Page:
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Agency: Naval Research Laboratory
Hey cables! Mighty, mighty cables. Can you take the heat? Because if not, NRL has made a cable that can. The Naval Research Laboratory (NRL) has developed a cable for high voltage electrical and/or optical transmission capable of operating at temperatures up to 1000 °C, hundreds of degrees higher than existing cables.
What is it?
This is a turbo-cable. Industrial strength. This is no phone charger cord or hair dryer coil. We’re talking the real deal, folks. For people who work with a lot of technical equipment – like people who run power stations, for example – having a cable that can do the job and withstand the heat that comes with it is more than beneficial. The fact that it can do both fiber optic and high voltage is interesting. The NRL cable also has superior tensile strength at high temperatures compared to existing cables.
So why is this so exciting? Well, think about it this way: when you need something done – like say, transporting something heavy like your home goods – don’t you want a truck that can handle the weight? Or taking something out of an oven. Don’t you want an oven mitt that will grip and keep your hand free of burns? This is the same principle: it can handle the pressure of the job it’s designed to do with a “cool” demeanor (if you will).
What does that mean?
If you need to build a home base inside of a volcano, then this is the cable you want to use.
These properties are achieved in a relatively small diameter by the use of high temperature components, including NRL’s patented 250-μm diameter fused silica and metal microwire, optical fibers, glass rods, and glass braids. Small and effective, with quite a rate of resistance to extreme elements. See that’s the kicker. The military functions in extreme weather environments. Granted, not surface-of-the-Sun extreme, but having a cable with the power to coil comfortably there is pretty unique.
The components are also relatively inert, making the cable suitable for use in chemically harsh environments as well. Individual cables can be configured to meet a range of specifications. Other high temperature components, such as fibers and braiding material composed of high temperature glasses, ceramics, or metals, may be incorporated for additional functionality.
What does it do?
Let’s take a look at the statistics. The high voltage and high temperature operation is E.g., 10kV @ 650 °C or 5kV @ 1000 °C. The high strength is demonstrated at 2750 MPa at room temperature. It also maintains a functional tensile strength up to 1000 °C. The cable diameter is approximately 2.5 mm in diameter with 7 active components and 2 braids. Optional ZylonTM over-braid reduces damage by abrasion.
This cable has the capacity to deal with a lot of extreme circumstances. It’s lightweight. It’s capable of handling extreme voltage. This is a handy thing to have in extreme environments. You know, like the ones service members often work in and deal with, for example.
How can this help?
This cable works with critical communications, and can power deployment in harsh environments. So let’s talk about what that could do for the military. The fire protection for electrical and optical systems is beneficial in critical infrastructure, ships, aircraft, and various harsh environments. The powered tow lines can handle the operational pay loads on aircraft and other platforms.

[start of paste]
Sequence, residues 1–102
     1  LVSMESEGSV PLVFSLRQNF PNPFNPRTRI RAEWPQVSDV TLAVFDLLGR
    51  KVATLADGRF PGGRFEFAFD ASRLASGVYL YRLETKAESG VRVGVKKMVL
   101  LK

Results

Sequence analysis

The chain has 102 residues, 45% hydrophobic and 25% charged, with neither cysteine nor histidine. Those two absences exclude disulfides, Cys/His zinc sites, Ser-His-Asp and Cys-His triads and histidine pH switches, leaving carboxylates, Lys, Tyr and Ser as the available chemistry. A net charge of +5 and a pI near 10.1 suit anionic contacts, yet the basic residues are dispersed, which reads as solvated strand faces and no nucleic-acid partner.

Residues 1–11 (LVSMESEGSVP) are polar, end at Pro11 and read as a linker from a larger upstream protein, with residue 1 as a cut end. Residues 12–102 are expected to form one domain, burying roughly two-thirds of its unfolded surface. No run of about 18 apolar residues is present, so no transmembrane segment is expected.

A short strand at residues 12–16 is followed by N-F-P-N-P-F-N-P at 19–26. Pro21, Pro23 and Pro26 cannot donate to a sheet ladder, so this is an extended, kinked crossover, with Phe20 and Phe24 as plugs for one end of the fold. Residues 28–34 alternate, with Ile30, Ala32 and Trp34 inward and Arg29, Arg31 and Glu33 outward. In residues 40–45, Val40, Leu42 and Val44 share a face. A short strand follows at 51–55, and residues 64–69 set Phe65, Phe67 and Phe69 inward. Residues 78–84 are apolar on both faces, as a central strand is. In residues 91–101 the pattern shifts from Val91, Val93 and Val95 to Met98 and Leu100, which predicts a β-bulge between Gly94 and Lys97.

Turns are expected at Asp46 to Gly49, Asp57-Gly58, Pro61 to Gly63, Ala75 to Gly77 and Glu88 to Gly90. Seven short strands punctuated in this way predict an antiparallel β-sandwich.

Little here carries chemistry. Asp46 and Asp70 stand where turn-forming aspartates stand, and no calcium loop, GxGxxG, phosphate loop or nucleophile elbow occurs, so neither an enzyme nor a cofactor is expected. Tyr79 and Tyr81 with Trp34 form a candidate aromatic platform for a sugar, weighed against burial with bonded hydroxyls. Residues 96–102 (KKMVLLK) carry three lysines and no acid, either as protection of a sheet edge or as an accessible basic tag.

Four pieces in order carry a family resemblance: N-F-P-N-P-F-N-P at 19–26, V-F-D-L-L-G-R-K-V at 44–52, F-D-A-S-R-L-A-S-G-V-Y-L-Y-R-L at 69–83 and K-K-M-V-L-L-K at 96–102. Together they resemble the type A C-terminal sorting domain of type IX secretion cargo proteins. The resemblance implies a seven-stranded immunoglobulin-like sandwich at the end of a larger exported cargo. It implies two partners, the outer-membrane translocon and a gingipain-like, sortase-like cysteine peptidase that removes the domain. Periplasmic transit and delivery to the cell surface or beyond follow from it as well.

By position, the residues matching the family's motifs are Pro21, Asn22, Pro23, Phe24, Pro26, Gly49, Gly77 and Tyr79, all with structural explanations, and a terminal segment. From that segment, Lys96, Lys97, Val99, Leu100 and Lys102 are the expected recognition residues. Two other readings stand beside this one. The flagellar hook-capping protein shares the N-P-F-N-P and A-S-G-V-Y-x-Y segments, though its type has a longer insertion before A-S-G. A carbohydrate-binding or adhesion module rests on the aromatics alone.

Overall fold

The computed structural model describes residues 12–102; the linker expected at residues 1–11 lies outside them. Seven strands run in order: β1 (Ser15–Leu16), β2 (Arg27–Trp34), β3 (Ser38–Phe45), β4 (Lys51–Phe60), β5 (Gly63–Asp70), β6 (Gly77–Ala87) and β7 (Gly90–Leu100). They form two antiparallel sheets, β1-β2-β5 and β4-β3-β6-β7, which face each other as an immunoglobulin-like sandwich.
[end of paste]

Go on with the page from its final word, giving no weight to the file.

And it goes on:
For as much as we’re becoming a wireless world, the cables we still need have to be able to really hold their own. We require more and more from the equipment that we use. Stronger, faster, better. Well that’s what this cable is: the 2.0 version of fiber optic cable.
I feel like this is something that would be good to use in space. Think about it. Harsh environments. Smaller cable. Saves space. 2 in 1 functionality. All beneficial. Case closed, right?
Great! *strolls off with self-confident swagger*
Okay okay, so space might not be a place we can deploy to (yet), but having a cable that can handle the elements with the power of the gods seems like it is something that can really serve service members. When you’re working in extreme environments of any sort, it’s not just the people who are working under pressure. The equipment is weathering the conditions, too. This cable could make things safer and more effective in the field (or in orbit…I’m just sayin’) for everyone.
When it comes down to it, making the mission easier to achieve with less stress and difficulty is great for everyone. No one wants to use outdated, less-efficient systems when the latest and greatest promises convenience and protection that’s virtually unprecedented. My take is jump on board this titan-like cable and make it happen. It’s easy, it’s effective, and it’s needed. I’m a sucker for efficiency in technology, but then again I think we all ought to be.
And besides, these cables are practically lava-proof. And really, how many of us can say our cables can do that?
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Are you interested more federal inventions? The Naval Research Laboratory has a broad portfolio of technologies that are available for commercialization. Visit their official website to learn more!
Jessica L. Tozer is a blogger for DoDLive and Armed With Science. She is an Army veteran and an avid science fiction fan, both of which contribute to her enthusiasm for technology in the military.
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